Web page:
We’ve covered the importance of motivation when it comes to working out, and the myths that can disrupt plans for body re-shaping. Now that you understand the importance of maintaining muscle for the firm toned look, we’ll look at how to make your time in the gym more effective.
The key to muscle development (or simply maintenance or toning) is a blend of:
- Stimulation (to prompt the muscle to either grow or at least maintain a level of “existence”)
- Recovery (the time between the stimulation prompts whereby the muscle can grow)
- Nutrition (sufficient nutrients so that muscle is able to be rebuilt and is not “cannibalised”
These factors, when balanced properly, also control a fourth foundational element – hormones. Too much stimulation can adversely affect the hormones – promoting cortisol and adrenalin which can accelerate muscle wasting.
Similarly, there will be adverse affects from:
- Insufficient nutrition
- Too little recovery
- Excessive nutritional factors that add to fat deposits
- Excessive recovery means slow or minimal results.
We’ll focus here on the stimulation and recovery elements. Nutrition has been addressed to a degree in our earlier blogs.
Stimulation and Recovery Elements
Stimulation refers to overloading the muscle so that it has to “repair and rebuild”. We’re in a constant state of cells being replenished – but in the case of muscle, we can prompt this actively by having the muscle perform work.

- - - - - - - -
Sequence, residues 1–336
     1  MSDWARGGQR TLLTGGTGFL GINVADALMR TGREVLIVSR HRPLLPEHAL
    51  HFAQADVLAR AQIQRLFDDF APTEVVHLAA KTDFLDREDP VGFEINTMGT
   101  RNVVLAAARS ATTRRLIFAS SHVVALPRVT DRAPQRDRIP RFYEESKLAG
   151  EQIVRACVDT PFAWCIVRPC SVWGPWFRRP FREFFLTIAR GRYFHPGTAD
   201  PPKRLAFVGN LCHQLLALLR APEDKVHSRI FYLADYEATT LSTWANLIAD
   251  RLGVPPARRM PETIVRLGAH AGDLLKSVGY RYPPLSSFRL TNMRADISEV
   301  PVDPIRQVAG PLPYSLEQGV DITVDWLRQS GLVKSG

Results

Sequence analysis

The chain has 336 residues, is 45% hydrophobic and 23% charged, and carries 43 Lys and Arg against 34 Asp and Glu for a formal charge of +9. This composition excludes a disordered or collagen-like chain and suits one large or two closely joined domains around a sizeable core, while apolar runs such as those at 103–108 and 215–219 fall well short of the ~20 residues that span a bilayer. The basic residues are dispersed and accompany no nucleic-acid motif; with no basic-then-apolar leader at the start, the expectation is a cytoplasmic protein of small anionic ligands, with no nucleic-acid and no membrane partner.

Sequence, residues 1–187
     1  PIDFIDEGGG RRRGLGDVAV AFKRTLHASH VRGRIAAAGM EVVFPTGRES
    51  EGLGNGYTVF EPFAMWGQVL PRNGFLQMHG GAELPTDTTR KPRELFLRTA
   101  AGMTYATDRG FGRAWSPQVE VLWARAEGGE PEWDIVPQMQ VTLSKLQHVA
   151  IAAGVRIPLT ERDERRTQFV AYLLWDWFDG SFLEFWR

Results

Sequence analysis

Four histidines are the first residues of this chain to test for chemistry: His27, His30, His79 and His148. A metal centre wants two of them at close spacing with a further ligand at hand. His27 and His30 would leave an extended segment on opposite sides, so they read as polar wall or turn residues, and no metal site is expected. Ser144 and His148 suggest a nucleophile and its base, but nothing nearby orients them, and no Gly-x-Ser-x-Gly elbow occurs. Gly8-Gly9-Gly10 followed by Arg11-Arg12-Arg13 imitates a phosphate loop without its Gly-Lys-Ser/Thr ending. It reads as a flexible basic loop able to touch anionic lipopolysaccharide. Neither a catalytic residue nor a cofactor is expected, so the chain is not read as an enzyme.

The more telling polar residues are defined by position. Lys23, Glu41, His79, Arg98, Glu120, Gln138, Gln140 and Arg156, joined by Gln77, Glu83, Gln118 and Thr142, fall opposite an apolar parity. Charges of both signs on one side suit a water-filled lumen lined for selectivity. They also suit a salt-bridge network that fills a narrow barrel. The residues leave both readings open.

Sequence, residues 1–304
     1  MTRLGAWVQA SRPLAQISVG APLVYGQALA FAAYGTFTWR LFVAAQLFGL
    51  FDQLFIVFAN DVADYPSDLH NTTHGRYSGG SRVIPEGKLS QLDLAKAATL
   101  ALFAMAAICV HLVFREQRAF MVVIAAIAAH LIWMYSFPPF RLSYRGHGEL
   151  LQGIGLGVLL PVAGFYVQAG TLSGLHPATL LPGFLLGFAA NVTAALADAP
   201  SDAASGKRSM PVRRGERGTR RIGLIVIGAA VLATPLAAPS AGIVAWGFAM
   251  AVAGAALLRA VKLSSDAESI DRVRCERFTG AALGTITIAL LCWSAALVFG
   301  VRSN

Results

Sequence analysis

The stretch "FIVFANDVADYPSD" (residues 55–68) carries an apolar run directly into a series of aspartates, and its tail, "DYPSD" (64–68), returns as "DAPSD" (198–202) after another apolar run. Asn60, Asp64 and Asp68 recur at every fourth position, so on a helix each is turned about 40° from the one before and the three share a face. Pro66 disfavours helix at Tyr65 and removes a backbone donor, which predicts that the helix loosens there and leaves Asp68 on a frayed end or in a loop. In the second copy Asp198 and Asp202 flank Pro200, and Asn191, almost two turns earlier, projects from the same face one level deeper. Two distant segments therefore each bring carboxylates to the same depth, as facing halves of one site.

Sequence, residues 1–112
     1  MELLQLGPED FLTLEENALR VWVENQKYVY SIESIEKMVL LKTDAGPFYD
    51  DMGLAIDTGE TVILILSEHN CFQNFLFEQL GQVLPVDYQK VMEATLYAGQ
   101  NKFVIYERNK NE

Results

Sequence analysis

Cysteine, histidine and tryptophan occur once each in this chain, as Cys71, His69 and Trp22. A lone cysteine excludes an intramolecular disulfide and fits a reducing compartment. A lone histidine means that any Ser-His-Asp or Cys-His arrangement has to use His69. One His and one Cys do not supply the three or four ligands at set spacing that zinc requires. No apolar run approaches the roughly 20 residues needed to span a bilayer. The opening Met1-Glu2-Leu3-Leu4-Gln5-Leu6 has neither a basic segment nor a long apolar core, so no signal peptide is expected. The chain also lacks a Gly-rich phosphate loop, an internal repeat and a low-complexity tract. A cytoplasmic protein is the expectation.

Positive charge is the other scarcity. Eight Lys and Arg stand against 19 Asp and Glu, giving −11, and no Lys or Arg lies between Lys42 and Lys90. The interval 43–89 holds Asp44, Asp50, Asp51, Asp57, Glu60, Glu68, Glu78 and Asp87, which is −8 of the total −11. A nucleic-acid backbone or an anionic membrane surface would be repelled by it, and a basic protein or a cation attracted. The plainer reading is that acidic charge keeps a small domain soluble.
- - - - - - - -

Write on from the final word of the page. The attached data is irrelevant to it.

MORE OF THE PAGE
Muscles (I am referring to skeletal muscles that move our limbs) are adaptive – meaning that if there is a regular demand placed on them that causes them “stress”, they’ll increase their capacity in order to suffer less stress in future – otherwise known as an “over-compensatory” or “super-compensatory” response. They “repair” themselves after the stress and “add” a little extra to adapt to the load in case it happens again. If the load does occur again within a reasonable time frame (a few days), the new muscle capacity is retained.
In the case of weight training, we deliberately stress the muscle and do it at a frequency to continue the repair and super-compensatory response. You’ll see this with people in labouring jobs – they develop some muscularity but then stop at that point because the load isn’t progressively harder. The body adapts enough to cope with the demands.
You will know, or can intuitively reason, that if the frequency is too high for the stress suffered, the muscle does not have enough time to recover fully and is continually torn down. This becomes self-limiting such that after a while, you will not be able to generate the same level of “stimulation” as in the early days.
Next time, we’ll continue this discussion by looking at the level of stimulation and ideal frequency and why it’s important to understand the relationship between the two.
In the meantime, we’ll leave you with our 5 takeaway tips from this article.
AMP Your Workout Smart Tips
- The primary basis for sensible training will address the triad of stimulation, recovery, and nutrition
- The triad, when covered properly will have an impact on a fourth critical element, hormones – meaning both the hormones that create growth (maximising anabolism) and minimising the bad hormones that inhibit it (and cause catabolism)
- The “amounts” of stimulation and recovery required will vary over time as your body adapts
- As your capacity increases, so does the need for stimulation and generally therefore so does your need for recovery
- Split routines can address this need for increased stimulation and recovery